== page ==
This week’s collection of market reports show contrasting fortunes for different segments of the city’s real estate market.
The positive news is that Brooklyn continues to exhibit strength. Two separate reports from Corcoran and the Real Estate Board of New York show the borough’s continued rise in the retail and residential markets.
Corcoran’s first quarter report had the median price for properties in the borough at $606,000, which amounts to a 15 percent jump from the same period last year. Prices also increased for all apartment types, with the highest being with studio units, which jumped 26 percent from $320,000 to $404,000.
The inventory in the borough also jumped ten percent year-on-year to 2,281 listings. However, the number of days that apartments stayed on the market hit a plateau, slightly dropping from 64 days to 63 days.
“During recent quarters, Brooklyn sellers were motivated to list their residences due to a steady rise in overall prices. As a result of the increase in inventory, buyers have had more options at a diverse range of price points throughout the borough. This dynamic resulted in level closed sales figures in First Quarter 2016 versus last year, along with increased contract activity,” the report read.
The numbers are equally rosy with REBNY’s first quarter retail report. The average asking rent for ground floor retail spaces rose in 14 out of the borough’s 15 retail corridors. The highest prices were in Bedford Avenue between Grand Avenue and North 12th Street, which saw ground floor retail asking rents jump 3.9 percent to $361 per s/f. Meanwhile, the biggest price jump was in Montague Street between Hicks Street and Cadman Plaza, which saw average asking rents increased by over 25 percent from the previous quarter to $188 per s/f.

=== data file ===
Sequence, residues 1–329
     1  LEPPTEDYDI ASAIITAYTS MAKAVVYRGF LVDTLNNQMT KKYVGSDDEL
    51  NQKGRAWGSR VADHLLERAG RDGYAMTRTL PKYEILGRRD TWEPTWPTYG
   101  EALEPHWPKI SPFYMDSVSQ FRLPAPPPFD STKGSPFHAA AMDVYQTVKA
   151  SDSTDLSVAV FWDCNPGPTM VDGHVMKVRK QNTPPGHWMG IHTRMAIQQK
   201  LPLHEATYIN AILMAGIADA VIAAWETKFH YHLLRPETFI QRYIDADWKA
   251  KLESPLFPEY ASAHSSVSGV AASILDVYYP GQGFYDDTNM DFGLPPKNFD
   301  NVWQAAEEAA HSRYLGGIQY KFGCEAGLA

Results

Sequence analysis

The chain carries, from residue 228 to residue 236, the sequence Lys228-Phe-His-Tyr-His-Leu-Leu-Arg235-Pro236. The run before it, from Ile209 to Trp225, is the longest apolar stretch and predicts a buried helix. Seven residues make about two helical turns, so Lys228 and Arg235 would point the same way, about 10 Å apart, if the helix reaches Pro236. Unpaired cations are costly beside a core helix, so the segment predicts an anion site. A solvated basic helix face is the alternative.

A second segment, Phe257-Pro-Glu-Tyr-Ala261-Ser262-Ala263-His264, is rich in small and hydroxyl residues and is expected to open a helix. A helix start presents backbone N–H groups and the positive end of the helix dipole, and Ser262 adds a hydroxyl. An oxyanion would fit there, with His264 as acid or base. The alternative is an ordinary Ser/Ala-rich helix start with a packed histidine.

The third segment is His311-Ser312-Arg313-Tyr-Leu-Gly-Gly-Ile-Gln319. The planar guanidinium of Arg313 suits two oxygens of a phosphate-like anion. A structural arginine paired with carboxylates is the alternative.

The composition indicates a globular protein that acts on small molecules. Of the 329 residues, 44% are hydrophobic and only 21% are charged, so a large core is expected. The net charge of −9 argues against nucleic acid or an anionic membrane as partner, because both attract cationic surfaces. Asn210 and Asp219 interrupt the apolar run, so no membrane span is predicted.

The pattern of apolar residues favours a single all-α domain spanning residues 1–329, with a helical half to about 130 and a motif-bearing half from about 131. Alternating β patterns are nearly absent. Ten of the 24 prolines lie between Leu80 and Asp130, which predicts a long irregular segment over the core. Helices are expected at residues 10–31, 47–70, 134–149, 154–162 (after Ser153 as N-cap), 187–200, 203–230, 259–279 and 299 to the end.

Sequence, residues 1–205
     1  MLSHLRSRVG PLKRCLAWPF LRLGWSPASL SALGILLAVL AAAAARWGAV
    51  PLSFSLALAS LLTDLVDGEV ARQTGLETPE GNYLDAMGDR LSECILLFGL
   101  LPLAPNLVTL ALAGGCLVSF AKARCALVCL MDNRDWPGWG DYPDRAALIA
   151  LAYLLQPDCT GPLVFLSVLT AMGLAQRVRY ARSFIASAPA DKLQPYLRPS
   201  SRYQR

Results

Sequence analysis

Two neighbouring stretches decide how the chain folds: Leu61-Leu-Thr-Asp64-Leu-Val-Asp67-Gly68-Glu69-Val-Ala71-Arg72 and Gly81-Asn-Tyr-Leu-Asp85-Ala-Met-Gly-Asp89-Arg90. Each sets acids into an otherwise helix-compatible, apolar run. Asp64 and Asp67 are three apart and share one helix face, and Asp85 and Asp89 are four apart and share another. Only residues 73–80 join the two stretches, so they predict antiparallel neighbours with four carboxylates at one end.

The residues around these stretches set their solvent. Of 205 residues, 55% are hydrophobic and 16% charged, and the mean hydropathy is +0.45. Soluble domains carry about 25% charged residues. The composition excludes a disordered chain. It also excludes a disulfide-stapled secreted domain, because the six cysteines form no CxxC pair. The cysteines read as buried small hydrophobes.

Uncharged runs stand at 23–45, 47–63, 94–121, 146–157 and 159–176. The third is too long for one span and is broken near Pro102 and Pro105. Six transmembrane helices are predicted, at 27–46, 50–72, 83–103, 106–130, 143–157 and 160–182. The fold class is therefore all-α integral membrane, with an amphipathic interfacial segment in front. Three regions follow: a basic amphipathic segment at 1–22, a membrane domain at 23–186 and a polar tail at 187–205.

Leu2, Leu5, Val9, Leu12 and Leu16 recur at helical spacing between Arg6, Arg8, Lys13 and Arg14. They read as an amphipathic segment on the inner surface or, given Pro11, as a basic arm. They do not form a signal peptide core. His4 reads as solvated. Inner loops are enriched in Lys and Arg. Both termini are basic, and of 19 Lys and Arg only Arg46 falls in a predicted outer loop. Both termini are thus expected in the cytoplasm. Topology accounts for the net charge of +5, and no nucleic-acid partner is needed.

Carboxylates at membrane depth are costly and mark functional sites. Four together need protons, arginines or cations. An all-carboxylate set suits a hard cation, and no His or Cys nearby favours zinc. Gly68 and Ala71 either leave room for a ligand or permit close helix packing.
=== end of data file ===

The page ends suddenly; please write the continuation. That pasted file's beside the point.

“The modest rise in asking rents from last summer to this winter speaks to the sustained strengthening of the retail market in Brooklyn,” said John Banks, the president of REBNY. “The retail corridors examined continue to experience heightened activity and we look forward to informing the retail community about the growth in Brooklyn as we continue to track the market activity in these corridors.
However, growth did not spread to all five boroughs. According to Douglas Elliman’s March rental market report, the median rental price in Manhattan dropped 2.8 percent to $3,300 compared to the same period last year. The decline marked the end of 24 consecutive months of year-on-year median rental price growth.
“Overall Manhattan rents softened for the first time in two years. Weaker conditions were seen across apartment sizes as vacancy rates and landlord concessions were higher than last year’s levels,” the report read.
The decline was consistent across all apartment types, with the highest drop in the 3+ bedroom segment, which saw the median rental price drop 7.3 percent to $5,558. The weakest part of the rental market was the luxury segment, which saw the median rental price drop by 3.5 percent to $8,228.
However, the strongest evidence of decline in the Manhattan rental market relates to concessions. During the month, concessions, which include free rent and commissions paid by landlords, almost doubled to 13.6 percent compared to the same period last year.
The Elliman report’s Brooklyn findings aligned with other reports. The median rental price for the borough jumped 2.7 percent to $2,775 year-on-year. Meanwhile, the figures in Queens went the other direction, dropping 5.2 percent to $2,799.